Real-time RT-PCR.

Total RNA was isolated from lung tissue homogenates using guanidium-phenol extraction (RNAzol, Campro Scientific, Veenendaal, the Netherlands). Briefly, after tissue homogenization in RNAzol B, RNA was isolated with phenol-chloroform extraction and isopropanol precipitation. The RNA sample was dissolved in RNase-free water and quantified spectrophotometrically. The integrity of the RNA was studied by gel electrophoresis on a 1% agarose gel, containing ethidium bromide. Samples showing degradation of ribosomal RNA by visual inspection under ultraviolet light were discarded. First-strand cDNA synthesis was performed with the SuperScript Choice System (Life Technologies, Breda, the Netherlands) by mixing 2 μg of total RNA with 0.5 μg of oligo(dT)12–18 primer in a total volume of 10 μl. After the mixture was heated at 70°C for 10 min, a solution containing 50 mM Tris·HCl (pH 8.3), 75 mM KCl, 3 mM MgCl2, 10 mM DTT, 0.5 mM dNTPs, 0.5 μl RNase inhibitor, and 200 U Superscript reverse transcriptase was added, resulting in a total volume of 20 μl. This mixture was incubated at 42°C for 1 h; total volume was adjusted to 100 μl with RNase-free water and stored at −80°C until further use. For real-time quantitative PCR, 1 μl of first-strand cDNA, diluted 1:10 in RNase-free water, was used in a total volume of 25 μl, containing 12.5 μl of 2× SYBR Green PCR Master Mix (Applied Biosystems, Foster City, CA) and 200 ng of each primer. Primers, designed with the Primer Express software package (Applied Biosystems), are listed in Table 1. PCR reactions, consisting of 95°C for 10 min (1 cycle), 94°C for 15 s, and 60°C for 1 min (40 cycles), were performed on an ABI Prism 7700 sequence detection system (Applied Biosystems). Data were analyzed with the ABI Prism 7700 sequence detection system version 1.9 software and quantified with the comparative threshold cycle method with β-actin as a housekeeping gene reference (26).

Protein assay.

Total protein concentration was measured in bronchoalveolar lavage fluid (BALF) using the Dc protein assay (Bio-Rad), according to the manufacturer’s instructions. The detection limit was 31 μg/ml.

Statistical analysis.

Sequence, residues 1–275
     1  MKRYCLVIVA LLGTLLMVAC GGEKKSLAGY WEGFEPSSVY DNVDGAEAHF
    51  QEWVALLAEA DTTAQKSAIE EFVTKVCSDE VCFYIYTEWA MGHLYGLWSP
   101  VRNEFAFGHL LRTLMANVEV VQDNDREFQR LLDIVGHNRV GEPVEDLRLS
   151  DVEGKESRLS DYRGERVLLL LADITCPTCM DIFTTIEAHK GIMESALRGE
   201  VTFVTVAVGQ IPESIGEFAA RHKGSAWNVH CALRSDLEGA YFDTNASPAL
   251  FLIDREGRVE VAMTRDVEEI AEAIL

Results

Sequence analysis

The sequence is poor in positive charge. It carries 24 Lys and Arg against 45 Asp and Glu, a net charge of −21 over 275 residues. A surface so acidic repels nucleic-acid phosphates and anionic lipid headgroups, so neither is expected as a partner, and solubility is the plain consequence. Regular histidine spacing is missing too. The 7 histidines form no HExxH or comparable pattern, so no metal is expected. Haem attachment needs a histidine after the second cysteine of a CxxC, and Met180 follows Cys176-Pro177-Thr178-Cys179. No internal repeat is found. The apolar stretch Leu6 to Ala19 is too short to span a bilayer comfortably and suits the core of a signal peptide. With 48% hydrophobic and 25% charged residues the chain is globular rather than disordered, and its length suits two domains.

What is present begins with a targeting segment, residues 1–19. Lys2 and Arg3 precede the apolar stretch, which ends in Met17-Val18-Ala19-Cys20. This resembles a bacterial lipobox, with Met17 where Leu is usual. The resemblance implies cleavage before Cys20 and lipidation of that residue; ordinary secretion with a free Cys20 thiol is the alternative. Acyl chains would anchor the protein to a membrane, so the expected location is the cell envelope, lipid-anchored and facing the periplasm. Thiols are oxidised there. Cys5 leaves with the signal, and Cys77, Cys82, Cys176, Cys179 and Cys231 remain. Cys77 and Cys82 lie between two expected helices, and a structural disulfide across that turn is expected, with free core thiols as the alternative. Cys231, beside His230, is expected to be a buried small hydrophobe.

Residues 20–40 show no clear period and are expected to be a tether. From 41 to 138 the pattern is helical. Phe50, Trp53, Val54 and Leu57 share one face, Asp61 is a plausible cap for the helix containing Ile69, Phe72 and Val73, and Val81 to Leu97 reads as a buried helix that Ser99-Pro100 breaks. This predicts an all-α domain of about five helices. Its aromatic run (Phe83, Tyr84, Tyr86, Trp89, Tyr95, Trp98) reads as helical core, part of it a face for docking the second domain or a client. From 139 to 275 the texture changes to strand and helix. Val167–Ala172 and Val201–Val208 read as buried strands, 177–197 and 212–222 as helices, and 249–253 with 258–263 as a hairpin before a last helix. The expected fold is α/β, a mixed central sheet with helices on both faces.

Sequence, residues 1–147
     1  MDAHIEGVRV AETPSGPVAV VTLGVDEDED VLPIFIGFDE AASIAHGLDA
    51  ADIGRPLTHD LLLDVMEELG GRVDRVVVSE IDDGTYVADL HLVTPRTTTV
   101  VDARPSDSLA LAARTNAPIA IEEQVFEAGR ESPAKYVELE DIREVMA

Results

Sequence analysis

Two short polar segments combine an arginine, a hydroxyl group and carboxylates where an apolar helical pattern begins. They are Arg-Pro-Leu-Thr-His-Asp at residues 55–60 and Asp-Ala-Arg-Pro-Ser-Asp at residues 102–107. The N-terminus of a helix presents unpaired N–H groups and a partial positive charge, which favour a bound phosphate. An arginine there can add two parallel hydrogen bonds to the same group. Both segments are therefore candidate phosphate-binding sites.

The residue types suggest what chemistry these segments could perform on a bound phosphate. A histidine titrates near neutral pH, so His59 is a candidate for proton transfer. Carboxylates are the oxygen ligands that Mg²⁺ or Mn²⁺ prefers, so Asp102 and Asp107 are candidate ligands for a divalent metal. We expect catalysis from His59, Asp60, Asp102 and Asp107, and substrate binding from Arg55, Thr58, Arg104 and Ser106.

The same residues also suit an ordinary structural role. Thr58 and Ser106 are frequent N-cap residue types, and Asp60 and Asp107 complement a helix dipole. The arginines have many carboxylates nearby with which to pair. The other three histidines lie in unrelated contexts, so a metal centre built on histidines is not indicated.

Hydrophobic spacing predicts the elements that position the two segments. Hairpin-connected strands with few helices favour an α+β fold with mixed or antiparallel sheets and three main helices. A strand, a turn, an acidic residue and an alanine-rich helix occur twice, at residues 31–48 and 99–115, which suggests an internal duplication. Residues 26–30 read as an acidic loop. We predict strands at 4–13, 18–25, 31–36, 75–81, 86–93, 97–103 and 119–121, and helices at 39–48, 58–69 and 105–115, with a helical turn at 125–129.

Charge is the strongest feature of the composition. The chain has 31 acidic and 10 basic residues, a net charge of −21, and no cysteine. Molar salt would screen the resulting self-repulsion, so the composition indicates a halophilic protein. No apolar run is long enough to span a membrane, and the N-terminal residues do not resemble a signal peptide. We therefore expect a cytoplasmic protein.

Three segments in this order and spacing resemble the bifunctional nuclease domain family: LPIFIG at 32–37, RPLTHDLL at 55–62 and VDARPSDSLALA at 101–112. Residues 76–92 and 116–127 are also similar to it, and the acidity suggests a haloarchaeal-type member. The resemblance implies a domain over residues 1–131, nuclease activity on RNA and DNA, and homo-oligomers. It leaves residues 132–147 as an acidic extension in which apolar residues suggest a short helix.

Values are expressed as means ± SE. Differences between groups were analyzed with the Student’s t-test. For comparison of survival curves, Kaplan-Meier analysis followed by a log rank test was performed. P values of <0.05 were considered statistically significant.


Fibrin deposition.

Because fibrin deposition correlates well with the severity of tissue damage in hyperoxia-induced lung injury, we quantified fibrin deposition by Western blot analysis in lungs after exposure to different oxygen concentrations to determine the optimal experimental conditions for intervention. Fibrin deposition in lung homogenates of preterm rat pups exposed to 60, 80, and 100% oxygen is shown in Fig. 1A. Significant fibrin deposition was absent in lungs of pups exposed to 60 and 80% oxygen for 14 days (Fig. 1B). However, fibrin deposition increased from 18 ± 8 in room air-exposed pups to 296 ± 42 ng fibrin/mg of tissue in lungs of pups exposed to 100% oxygen for 10 days (Fig. 1B; P < 0.001), demonstrating that this is the optimal experimental condition. Therefore, intervention studies were performed in preterm rat pups exposed to 100% oxygen. Treatment of oxygen-exposed pups with PTX for 10 days resulted in a reduction of fibrin deposition from 296 ± 42 in oxygen-exposed controls to 100 ± 23 ng fibrin/mg of tissue in lungs of PTX-treated pups exposed to 100% oxygen (Fig. 1B; P < 0.001). The localization of fibrin deposits in the lungs was studied immunohistochemically on formaldehyde-fixed paraffin sections. Fibrin deposits were mainly observed in the extravascular compartment in the alveolar lumen and were associated with the alveolar wall. In control lungs, fibrin deposits were absent.